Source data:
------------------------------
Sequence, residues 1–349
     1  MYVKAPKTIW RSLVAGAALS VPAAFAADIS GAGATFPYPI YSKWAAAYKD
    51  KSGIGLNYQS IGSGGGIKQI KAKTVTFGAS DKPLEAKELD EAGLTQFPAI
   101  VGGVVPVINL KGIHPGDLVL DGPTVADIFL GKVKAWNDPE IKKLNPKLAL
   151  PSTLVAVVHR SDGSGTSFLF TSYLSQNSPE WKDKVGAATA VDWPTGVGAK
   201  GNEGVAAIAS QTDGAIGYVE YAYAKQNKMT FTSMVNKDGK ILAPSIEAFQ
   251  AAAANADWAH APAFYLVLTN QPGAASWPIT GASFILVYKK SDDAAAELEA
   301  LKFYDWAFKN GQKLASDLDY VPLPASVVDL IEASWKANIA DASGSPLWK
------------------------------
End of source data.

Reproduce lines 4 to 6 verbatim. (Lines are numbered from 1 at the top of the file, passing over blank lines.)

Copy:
   101  VGGVVPVINL KGIHPGDLVL DGPTVADIFL GKVKAWNDPE IKKLNPKLAL
   151  PSTLVAVVHR SDGSGTSFLF TSYLSQNSPE WKDKVGAATA VDWPTGVGAK
   201  GNEGVAAIAS QTDGAIGYVE YAYAKQNKMT FTSMVNKDGK ILAPSIEAFQ